Small CPG Companies Gain on Industry Giants

An analysis by market research company IRI has found that consumers have been turning increasingly toward small consumer packaged goods CPG brands, according to a press release. In fact, large CPG manufacturers lost sales totaling $12.1 billion (1.3 share points) to these smaller companies in 2020.

The industry as a whole grew by about 10 percent during the year, and smaller companies, which included any manufacturer with “annual measured channel sales of less than $1 billion,” drove about a third of that growth the release stated. Private label products accounted for about a sixth of that growth.

“The consumer shift toward smaller manufacturers and private label products is something that IRI has been documenting for several years, and we saw the trend accelerate during the COVID-19 pandemic,” said IRI’s president of strategic analytics, Krishnakumar (KK) S. Davey, in the release. “Many large manufacturers were not able to meet the surge in demand caused by the COVID-19 pandemic in the second quarter when they lost most share to smaller players who seized on this opportunity.”

Smaller manufacturers gained shares in almost all CPG categories, including alcohol, frozen foods, and shelf-stable foods. The only department in which large manufacturers retained their lead completely was the home care department. Looking ahead to the rest of 2021, Davey predicted, “We expect smaller and mid-sized players to continue to gain share from large manufacturers.”

Impossible Foods Cuts Its Grocery Store Prices by 20 Percent

Plant-based meat company Impossible Foods has had quite a year, raising money and growing rapidly, appearing on menus at Starbucks and on shelves at Walmart and Kroger. Now, thanks to the operational efficiency made possible by this growth, the company is recommending a 20 percent decrease in grocery and supermarket prices for its products, according to a blog post from Impossible Foods president Dennis Woodside.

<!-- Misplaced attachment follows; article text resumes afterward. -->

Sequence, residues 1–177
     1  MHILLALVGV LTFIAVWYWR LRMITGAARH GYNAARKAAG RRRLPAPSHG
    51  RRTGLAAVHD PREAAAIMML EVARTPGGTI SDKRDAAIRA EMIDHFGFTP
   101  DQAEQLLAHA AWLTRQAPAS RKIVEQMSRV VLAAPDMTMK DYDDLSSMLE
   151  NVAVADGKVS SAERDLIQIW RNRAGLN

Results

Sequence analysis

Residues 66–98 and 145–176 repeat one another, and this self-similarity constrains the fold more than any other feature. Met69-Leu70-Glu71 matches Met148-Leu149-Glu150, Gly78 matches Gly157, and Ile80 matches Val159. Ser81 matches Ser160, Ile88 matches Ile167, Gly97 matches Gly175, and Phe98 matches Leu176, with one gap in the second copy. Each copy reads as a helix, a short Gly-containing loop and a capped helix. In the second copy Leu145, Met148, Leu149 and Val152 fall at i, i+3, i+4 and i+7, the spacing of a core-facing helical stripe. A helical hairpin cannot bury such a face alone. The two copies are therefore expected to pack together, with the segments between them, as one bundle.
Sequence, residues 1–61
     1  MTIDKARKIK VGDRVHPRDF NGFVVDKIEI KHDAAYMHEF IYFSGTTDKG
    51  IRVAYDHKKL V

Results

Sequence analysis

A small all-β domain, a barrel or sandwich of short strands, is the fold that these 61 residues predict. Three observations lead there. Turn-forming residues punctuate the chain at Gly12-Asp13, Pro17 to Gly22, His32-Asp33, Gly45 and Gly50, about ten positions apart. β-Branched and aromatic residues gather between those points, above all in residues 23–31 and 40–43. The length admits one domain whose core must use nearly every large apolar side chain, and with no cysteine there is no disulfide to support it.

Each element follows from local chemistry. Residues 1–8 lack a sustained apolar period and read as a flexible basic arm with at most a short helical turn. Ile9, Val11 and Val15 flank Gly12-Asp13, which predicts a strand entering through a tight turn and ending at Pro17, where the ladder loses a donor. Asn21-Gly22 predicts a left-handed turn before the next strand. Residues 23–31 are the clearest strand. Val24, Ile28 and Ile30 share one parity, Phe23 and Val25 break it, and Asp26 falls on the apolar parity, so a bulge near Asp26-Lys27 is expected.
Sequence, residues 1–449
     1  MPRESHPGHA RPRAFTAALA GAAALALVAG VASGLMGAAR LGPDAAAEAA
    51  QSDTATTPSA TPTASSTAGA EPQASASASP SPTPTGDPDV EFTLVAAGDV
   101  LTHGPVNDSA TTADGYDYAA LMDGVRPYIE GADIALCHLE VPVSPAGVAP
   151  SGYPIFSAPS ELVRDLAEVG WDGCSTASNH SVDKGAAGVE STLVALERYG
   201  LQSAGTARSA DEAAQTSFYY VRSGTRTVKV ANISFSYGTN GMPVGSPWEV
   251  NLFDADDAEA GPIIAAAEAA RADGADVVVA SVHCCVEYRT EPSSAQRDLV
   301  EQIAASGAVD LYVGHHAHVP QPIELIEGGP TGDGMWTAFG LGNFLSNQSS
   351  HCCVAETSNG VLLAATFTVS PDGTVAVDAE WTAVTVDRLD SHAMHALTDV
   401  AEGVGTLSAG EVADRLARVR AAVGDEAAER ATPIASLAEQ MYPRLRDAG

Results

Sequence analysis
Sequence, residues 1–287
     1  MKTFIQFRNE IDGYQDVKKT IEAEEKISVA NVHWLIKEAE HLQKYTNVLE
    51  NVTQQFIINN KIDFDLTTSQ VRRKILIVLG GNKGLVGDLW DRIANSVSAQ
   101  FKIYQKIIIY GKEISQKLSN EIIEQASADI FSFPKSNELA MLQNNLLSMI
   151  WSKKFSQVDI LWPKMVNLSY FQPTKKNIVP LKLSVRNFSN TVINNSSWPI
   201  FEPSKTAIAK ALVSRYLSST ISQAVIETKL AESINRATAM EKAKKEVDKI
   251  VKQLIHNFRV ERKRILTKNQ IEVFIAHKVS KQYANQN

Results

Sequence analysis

“Our stated goal since the founding of the company has always been to drive down prices through economies of scale, reach price parity and then undercut the price of conventional ground beef from cows, and that’s exactly what we’re doing,” Woodside said in the post.

At scale, producing plant-based meat is more cost-efficient than raising and slaughtering cows, the company pointed out, saying in the post, “We don’t need pastureland, feed crops, slaughterhouses or nearly any of the other enormous costs associated with livestock.”

The company also reduced the price for restaurant distributors by 15 percent last month, following a previous reduction in 2020. Woodside stated in the post his intention to reduce the price further in the future as sales continue to grow.

“The more Impossible Burger you buy, the less it costs us to produce per pound, and we choose to pass those savings on to our network of distributors and retailers, with the goal of ultimately lowering prices for consumers,” he said in the post. “This in turn accelerates our rapid retail growth — a virtuous cycle.”